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Oncology Times:
doi: 10.1097/01.COT.0000391440.80992.79
Opinion

VIEW FROM THE OTHER SIDE OF THE STETHOSCOPE: Thanksgiving 2010

Harpham, Wendy S. MD

Free Access

It's that time again. Across America, families are gathering together for their annual feasts.

Twenty Thanksgivings ago, I didn't offer thanks. Who can blame me? I was in shock. I was in too much pain to recognize any of the gifts I'd received since my cancer diagnosis the week before, one of the first being my oncologist's answer when I asked, “Is my lymphoma curable?”

He could have said, “No.” Instead, he reassured me.

“Wendy, your lymphoma is very treatable. We have reason to hope the aggressive chemo does the trick.” He concluded with a prophetic postscript: “New treatments are coming down the pike that we'll use, if needed.”

WENDY S. HARPHAM, MD...
WENDY S. HARPHAM, MD...
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So began an endless cornucopia of gifts I've received from the members of my health care team.

Early on I couldn't appreciate all these gifts—clinicians' words and actions that clearly benefited me. And that bothers me, compelling me to spell out just a few of the things for which I will be eternally grateful.

Why share this with you? Because I'm willing to bet you offer similarly compassionate words and actions that comfort patients who don't have the wherewithal right now to thank you themselves.

You might be thinking “Patients don't have to thank me. It's my job.” When I was in practice, I'd have said the same thing. But life on the other side of the stethoscope has given me new appreciation for gratitude—both expressing mine and receiving others'.

So, thank you in advance for listening as I offer thanks to the physicians and nurses in my life.

* Thank you for supporting my desire for a second opinion at the end of my initial chemo. As an internist, I'd always welcomed outside opinions for my patients who wanted or needed one. Yet when I stood at the receptionist's desk waiting to pick up copies of my records, my cheeks flushed, as if I'd just asked for a copy of Penthouse. It helped when you reassured me: “Wendy, don't worry. Dr. S. is glad when patients get specialists' opinions.”

* Thank you for encouraging my one-on-one counseling with the oncology social worker and my participation in the hospital support group. You kept me from feeling weak.

* Thanks for giving me a way to save face and move on after I messed up. Despite my efforts to be an effective patient and to make it easy for you to take good care of me, I did a few stupid things that still make me cringe.

* Thank you for appreciating my grief after closing my medical practice. We all knew it was the right thing to do and that I needed to focus on getting well and raising my children. But leaving clinical medicine was a loss unlike any other, and you respected that.

* Thank you, thank you, thank you for asking about Rebecca, Jessica, and William at my follow-ups. Each “How are the kids?” told me you saw me not only as a cancer patient, but also as a mother with my most important job yet to do.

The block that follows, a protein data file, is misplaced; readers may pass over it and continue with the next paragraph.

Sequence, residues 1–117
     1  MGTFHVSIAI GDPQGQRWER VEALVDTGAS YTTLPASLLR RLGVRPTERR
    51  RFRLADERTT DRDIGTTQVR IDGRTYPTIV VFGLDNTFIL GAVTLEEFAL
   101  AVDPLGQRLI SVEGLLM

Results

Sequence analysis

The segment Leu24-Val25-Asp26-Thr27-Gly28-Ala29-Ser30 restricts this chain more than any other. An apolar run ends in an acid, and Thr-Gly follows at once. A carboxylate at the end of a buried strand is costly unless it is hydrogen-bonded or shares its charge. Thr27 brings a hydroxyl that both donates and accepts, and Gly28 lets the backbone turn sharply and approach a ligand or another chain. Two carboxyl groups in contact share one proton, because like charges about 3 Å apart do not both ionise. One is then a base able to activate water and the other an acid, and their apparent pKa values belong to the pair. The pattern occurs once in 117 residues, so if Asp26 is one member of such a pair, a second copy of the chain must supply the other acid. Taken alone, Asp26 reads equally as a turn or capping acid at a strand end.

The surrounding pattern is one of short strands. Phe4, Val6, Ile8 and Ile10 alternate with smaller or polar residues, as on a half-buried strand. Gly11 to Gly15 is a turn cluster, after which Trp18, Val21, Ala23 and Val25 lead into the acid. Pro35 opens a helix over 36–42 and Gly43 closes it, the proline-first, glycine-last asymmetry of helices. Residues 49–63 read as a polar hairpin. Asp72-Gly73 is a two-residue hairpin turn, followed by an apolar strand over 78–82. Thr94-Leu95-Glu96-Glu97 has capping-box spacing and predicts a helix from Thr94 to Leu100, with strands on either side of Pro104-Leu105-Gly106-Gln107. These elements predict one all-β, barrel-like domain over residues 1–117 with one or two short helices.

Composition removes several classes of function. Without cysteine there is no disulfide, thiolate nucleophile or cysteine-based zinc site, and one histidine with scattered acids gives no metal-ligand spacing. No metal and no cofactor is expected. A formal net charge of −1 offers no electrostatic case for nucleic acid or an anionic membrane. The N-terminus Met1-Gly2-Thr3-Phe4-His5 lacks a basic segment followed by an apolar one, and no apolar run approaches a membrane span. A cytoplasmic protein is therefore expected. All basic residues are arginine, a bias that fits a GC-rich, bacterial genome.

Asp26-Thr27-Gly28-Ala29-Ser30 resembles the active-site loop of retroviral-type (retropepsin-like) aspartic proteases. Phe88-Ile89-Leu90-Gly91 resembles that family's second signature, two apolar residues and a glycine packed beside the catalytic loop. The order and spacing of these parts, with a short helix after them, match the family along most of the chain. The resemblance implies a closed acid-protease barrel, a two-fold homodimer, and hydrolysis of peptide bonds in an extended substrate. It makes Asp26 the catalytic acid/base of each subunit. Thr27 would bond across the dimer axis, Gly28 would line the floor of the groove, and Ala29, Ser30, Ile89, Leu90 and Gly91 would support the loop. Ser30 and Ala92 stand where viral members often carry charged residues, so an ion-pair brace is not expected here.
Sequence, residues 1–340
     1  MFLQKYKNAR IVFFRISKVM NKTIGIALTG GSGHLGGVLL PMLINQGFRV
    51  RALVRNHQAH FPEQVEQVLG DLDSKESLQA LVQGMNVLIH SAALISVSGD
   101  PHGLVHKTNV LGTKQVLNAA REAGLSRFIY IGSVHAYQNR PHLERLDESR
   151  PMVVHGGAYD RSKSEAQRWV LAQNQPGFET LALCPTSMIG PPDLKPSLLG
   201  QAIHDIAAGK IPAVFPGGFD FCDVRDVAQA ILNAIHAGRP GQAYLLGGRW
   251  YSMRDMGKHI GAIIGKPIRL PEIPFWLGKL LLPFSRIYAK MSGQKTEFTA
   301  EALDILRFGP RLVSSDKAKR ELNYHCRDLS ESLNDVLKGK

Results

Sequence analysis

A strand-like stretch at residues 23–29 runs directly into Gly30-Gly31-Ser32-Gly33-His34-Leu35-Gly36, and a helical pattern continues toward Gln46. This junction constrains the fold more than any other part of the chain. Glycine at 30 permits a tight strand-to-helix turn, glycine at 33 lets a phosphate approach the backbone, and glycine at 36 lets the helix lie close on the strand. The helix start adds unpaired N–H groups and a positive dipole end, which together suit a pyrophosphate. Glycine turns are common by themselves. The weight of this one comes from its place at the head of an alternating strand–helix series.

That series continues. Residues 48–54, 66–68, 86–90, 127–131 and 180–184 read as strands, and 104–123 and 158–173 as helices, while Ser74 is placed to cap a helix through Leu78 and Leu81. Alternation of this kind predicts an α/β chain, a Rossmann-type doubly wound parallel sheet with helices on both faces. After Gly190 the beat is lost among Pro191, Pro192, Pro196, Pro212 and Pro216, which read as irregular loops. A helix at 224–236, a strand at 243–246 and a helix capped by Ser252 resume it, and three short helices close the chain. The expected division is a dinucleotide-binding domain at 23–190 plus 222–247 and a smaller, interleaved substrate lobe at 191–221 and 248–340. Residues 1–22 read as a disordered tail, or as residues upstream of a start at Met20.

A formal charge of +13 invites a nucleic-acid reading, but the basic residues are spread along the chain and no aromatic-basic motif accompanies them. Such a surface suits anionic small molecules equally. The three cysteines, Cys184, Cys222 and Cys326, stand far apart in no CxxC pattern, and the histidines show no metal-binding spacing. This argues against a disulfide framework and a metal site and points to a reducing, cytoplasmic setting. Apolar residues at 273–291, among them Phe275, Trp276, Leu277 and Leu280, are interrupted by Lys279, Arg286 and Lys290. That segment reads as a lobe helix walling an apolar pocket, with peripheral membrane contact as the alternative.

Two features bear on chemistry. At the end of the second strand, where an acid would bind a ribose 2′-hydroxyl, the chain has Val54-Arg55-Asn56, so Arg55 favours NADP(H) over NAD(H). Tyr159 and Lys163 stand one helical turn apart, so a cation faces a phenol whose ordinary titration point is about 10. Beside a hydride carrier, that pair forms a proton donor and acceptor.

* How can I properly thank you for your calm demeanor each time my cancer recurred? The sadness on the faces and pity in the voices of friends and family scared me to death in the beginning, and tired me after I got used to being a cancer patient. Your unwavering focus on what we could do was just what I needed to muster the confidence needed to face more treatment.

* And thanks for realizing that when I was crying in your office I was not a blithering idiot. I was just...crying. I could still listen effectively to what you had to say.

* Thank you for guiding me to the best decision for me: enrolling in three clinical trials. I know it was a lot of extra paperwork and phone calls for everyone.

* Now I'm standing and clapping, appreciating how visit after visit, year after year, you have tended to each of my problems, no matter how minor or frustratingly persistent.

* When I first described my post-cancer fatigue in 1993, you validated it as real and different than the fatigue that healthy people feel at the end of a busy day. Given that post-treatment survivorship was not on most clinicians' radar yet, it was incredibly healing to be heard.

* As for my chronic leg pain, I don't know which describes you better: Energizer Bunnies or Pit Bulls. Either way, you never let up in your efforts to bring me relief. When I told you I'd accepted my chronic leg pain as part of my “new normal,” you said, “Fine, but I still want you to work with me, as we have other things to try.”

* Which reminds me of another gift that has helped me: the excellent communication among all of you—oncologist, internist, specialists, surgeons, radiologists, researchers, nurses, assistants, and even schedulers. When my long-term prognosis was terrible, I found peace, explaining to others, “If I don't get well, it won't be because my health care team and I are not doing enough, but because I have a lousy disease.

* How to express my gratitude for your hopefulness? Every patient should be fortunate enough to have a physician say, “I'm always looking for something for you.”

* Most memories of the early years of my survivorship have faded to a blur. One remains clear: The day my scans showed my first recurrence, I cried to one of you, “Don't give up on me!” You never did.

Looking back over the last 20 years, it's been quite a ride, hasn't it?

If we had time, I could go on and on, listing your gifts for which I am grateful. But I'll stop here. As the poet Frost said, “I have promises to keep and miles to go before I sleep.”

© 2010 Lippincott Williams & Wilkins, Inc.

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